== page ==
Any underlying conditions that predisposed the dog to developing a Malassezia dermatitis need to be identified and treated. Failure to do so usually results in persistent or recurrent yeast infections.

It’s important to follow the medication instructions closely and to take your dog for follow up appointments as instructed by your vet. Yeast infections often require several weeks of treatment to clear up – don’t stop the medication before your vet advises that it’s ok to do so.

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FAQ About Yeast Infections in Dogs

How are yeast infections diagnosed?

There are several ways to diagnose Malassezia dermatitis but one of the most widely used methods is an adhesive tape strip impression. Clear tape strips are pressed against the affected area of the skin to collect skin cells and other organisms. Thereafter, the tape strips are stained and examined under the microscope. Malassezia yeasts have a characteristic peanut shape under the microscope and appear purple/ blue due to the stain. Skin samples can also be collected by doing a skin scrape. The samples are stained and examined in the same was as an adhesive tape strip impression.

Yeast infections of the outer ear canals (otitis externa) are diagnosed using a cotton swab of the discharge rolled onto a microscope slide. The slides are stained and examined under the microscope.

Are certain breeds of dogs prone to yeast infections?

Although it’s possible for any breed of dog to develop a yeast infection, certain breeds are predisposed.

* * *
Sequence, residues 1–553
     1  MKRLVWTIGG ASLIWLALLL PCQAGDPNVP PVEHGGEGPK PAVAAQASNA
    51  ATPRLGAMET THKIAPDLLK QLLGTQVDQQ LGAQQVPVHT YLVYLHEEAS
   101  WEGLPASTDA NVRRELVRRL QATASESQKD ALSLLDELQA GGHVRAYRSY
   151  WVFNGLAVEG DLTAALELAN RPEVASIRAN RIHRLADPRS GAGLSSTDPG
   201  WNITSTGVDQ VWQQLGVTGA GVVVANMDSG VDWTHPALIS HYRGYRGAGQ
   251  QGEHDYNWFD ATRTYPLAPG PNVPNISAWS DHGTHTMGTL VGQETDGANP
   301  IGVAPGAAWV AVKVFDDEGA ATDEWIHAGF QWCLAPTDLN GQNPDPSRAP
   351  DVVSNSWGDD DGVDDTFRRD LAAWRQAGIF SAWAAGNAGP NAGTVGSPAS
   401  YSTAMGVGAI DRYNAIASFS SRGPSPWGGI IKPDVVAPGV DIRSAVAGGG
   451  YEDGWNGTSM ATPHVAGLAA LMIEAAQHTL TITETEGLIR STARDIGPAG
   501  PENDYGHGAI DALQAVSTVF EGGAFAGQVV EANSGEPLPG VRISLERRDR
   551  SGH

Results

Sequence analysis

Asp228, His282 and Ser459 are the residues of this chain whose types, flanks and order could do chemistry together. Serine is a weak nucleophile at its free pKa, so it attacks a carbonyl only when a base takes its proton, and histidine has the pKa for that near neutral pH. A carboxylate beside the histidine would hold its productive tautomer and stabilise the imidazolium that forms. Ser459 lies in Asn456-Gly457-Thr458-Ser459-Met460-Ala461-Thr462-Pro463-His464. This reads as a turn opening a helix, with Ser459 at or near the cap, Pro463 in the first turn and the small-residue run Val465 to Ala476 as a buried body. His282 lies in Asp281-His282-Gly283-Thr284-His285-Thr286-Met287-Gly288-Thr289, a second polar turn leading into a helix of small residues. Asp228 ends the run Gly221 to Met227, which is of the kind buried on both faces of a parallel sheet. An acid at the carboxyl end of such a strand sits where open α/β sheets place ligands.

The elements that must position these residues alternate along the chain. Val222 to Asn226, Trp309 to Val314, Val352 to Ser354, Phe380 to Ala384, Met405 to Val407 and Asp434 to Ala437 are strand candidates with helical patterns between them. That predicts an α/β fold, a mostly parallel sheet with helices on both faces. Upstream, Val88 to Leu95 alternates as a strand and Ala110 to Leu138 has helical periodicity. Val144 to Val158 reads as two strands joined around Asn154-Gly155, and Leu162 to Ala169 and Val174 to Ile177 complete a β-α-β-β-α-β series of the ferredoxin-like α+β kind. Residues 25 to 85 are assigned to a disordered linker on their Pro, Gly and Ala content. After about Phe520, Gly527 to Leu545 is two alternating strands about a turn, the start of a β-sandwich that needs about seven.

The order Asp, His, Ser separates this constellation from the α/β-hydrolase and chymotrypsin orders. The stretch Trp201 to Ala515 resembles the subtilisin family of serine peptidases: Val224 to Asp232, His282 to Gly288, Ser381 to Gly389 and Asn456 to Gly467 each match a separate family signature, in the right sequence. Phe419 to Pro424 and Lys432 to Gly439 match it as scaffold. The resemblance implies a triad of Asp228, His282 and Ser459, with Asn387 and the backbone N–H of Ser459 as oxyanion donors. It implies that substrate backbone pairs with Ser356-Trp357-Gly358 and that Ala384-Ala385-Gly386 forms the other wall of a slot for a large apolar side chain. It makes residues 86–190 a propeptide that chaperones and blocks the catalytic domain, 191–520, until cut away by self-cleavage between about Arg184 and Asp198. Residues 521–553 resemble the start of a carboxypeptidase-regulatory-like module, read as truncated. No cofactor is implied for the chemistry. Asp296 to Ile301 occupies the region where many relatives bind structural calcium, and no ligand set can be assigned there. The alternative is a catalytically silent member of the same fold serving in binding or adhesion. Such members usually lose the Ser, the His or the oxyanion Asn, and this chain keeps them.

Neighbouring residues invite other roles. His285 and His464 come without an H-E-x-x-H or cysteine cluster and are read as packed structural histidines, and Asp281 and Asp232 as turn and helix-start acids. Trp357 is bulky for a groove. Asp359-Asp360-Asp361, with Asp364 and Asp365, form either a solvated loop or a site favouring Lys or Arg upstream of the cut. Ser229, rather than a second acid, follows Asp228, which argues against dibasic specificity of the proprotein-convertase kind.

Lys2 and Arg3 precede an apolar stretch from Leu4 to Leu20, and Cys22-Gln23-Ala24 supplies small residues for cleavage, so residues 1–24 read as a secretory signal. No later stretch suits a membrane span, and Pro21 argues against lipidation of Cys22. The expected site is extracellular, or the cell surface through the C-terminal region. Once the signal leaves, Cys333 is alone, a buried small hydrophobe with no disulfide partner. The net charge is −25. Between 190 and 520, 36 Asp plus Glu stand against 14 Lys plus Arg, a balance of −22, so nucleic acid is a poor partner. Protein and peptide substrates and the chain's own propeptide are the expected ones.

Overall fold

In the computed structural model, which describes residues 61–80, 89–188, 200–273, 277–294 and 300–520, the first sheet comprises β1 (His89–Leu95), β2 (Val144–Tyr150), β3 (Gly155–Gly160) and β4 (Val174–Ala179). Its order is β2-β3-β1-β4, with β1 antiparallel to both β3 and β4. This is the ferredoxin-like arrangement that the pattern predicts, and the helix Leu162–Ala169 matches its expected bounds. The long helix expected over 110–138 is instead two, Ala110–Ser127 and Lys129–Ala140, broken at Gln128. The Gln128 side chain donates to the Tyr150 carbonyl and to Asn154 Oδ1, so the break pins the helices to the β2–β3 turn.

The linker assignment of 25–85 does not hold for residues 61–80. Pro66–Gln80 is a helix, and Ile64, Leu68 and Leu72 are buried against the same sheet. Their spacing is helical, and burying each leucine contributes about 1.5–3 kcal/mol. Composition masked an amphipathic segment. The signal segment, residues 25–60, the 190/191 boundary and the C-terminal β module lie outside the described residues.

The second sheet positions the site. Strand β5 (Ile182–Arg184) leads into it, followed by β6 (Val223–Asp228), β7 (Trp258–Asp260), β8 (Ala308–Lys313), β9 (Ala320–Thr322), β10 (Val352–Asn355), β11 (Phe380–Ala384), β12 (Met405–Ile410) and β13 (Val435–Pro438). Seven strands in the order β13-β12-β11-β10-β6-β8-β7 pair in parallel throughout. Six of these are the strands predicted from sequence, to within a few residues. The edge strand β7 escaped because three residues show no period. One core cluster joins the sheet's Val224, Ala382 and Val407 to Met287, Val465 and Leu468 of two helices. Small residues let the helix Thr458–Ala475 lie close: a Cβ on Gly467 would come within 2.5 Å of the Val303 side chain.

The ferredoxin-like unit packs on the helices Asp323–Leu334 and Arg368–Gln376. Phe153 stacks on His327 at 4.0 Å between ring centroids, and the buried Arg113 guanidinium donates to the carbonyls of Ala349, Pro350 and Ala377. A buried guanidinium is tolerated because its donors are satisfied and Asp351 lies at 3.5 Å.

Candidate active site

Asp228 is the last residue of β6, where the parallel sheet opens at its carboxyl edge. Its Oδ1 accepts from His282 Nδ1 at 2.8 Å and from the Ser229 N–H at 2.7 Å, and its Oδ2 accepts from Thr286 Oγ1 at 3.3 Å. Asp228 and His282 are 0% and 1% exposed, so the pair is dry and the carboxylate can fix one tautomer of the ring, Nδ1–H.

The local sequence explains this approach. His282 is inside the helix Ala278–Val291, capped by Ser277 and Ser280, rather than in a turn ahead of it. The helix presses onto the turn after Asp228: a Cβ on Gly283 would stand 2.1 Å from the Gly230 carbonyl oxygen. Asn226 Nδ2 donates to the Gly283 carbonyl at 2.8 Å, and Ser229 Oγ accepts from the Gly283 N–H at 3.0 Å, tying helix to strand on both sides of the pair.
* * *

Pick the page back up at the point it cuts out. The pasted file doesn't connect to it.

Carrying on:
These include:
  • West Highland white terriers
  • Basset Hound
  • English setters
  • Shih tzu
  • American Cocker Spaniel
  • Poodle
  • Boxer
  • Australian silky terriers
  • Dachshund

Can my dog catch a yeast infection from another dog?

No, Malassezia dermatitis is not contagious which means that your dog cannot catch a yeast infection from another dog.

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Conclusion

Malassezia dermatitis is a common cause of skin disease in dogs. It’s caused by an overgrowth of Malassezia organisms on the skin. Malassezia yeast are part of the normal flora of a dog’s skin and are usually harmless, however, under certain conditions they can cause dermatitis, or inflammation of the skin. Yeast infections usually occur secondary to an underlying condition such as skin allergies, endocrine disorders such as hypothyroidism, and anatomical defects such as excessive skin folds.

Some of the most common signs of a yeast infection include itching, inflammation, a musty odor, greasy scaly skin, head shaking, and a brown discharge from the ears.

If you suspect that your dog is suffering from this condition, it’s important to book an appointment with your veterinarian in order to get an accurate diagnosis. Treatment involves topical shampoos and ointments, oral medication, or a combination of both.


Featured Image Credit: ThamKC, Shutterstock